Everyone talks about Millennials – but we will have five different generations in the workforce soon. Millennials will be the majority, though, so now’s the time to drill deeper into what is happening.
A new study conducted by Oxford Economics for SAP busts several myths that we hear about Millennials. More important, it found evidence that shows Millennials will be the workforce majority soon. It isolates several key factors that companies need to act on now.
Oxford Economics and SAP conducted global surveys of 2,700 executives and 2,700 employees in 27 countries during the second quarter of 2014. We asked executives to identify their company’s performance level and employees to report their performance on their last appraisal.
We found that although companies must manage diverse, mobile, multi-generational employees, they lack adequate structure, strategy, culture, and resources to do so. And some of the current misconceptions on what Millennials care about need to be corrected.
In order to succeed, enterprises must take action on several fronts, including setting strategy around the role and relevance of people. The changing employee demographics and evolving definitions of work will contribute to the risk portfolio if not managed well. Companies will need leadership cultivation and they’ll need to overcome shortfalls quickly to respond to worker wants and needs.
At the core of the challenges to mastering digital transformation (link blog series) will be talent acquisition and development – as well as lifelong learning to bridge the technology skill development gap.
Find more on the Workforce2020 hub here.
But let us look at some of the myths first, as Millennials are different, but not as different as companies think. Even as executives say they’re concerned about Millennials entering the workforce, they aren’t making any special plans for managing them: Fewer than one-third (30%) of executives say they are giving special attention to the particular wants and needs of Millennials.
Millennials are different, but not as different as companies think.
And perhaps they don’t need to: There are many myths about what Millennials want most from work—let’s zero in on five of them:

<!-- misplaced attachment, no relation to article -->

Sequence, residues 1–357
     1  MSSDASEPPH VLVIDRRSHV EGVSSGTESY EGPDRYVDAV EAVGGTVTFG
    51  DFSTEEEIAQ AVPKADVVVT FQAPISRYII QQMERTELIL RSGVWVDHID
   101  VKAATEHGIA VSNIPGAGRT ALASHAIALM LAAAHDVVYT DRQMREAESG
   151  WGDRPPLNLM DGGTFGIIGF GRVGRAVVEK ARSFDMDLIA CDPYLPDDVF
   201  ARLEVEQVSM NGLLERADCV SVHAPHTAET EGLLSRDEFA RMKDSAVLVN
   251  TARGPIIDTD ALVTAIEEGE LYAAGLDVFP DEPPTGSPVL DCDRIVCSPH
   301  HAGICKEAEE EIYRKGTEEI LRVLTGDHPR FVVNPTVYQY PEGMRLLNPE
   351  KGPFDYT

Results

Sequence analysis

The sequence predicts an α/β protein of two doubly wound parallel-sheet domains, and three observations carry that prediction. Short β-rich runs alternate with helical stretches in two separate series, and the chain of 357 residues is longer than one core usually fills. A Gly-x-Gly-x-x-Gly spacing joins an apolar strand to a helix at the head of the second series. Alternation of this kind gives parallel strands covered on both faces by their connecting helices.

- Myth 1: Millennials care more than non-Millennials about making a positive difference in the world through work.
- Research reports: Just about one-fifth of Millennials and non-Millennials alike cite this as important to their job satisfaction. But competitive compensation matters most.
68% of Millennials and 64% of non-Millennials cite competitive compensation as an important or very important benefit, and 41% of Millennials and 38% of non-Millennials say higher compensation would increase their loyalty and engagement with the company.
- Myth 2: Achieving work/life balance is more important to Millennials.
- Research reports: 31% of non-Millennials say this is important to their job satisfaction, vs. 29% of Millennials.
- Myth 3: Finding personal meaning in their work is more important to Millennials.
- Research reports: Finding personal meaning is actually slightly more important to non-Millennials (18%) than Millennials (14%).
- Myth 4: Meeting income goals are less important to Millennials as long as they are learning and growing.
- Research reports: Millennials prioritize meeting career goals and income goals, followed distantly by learning and growing. When it comes to job satisfaction, Millennials prioritize meeting career goals (35%), meeting income goals (32%), and meeting goals for advancement (29%).
- Myth 5: Millennials are more likely to plan on leaving in the short-term.
- Research reports: Millennials are no more likely than non-Millennials to leave their jobs in the next six months. However, women are more likely overall to leave than men and they express more job dissatisfaction than men.
Separating myth from reality and creating incentives accordingly is a key to success for the 2020 workforce. But Millennials do need be managed differently, in terms of feedback and development.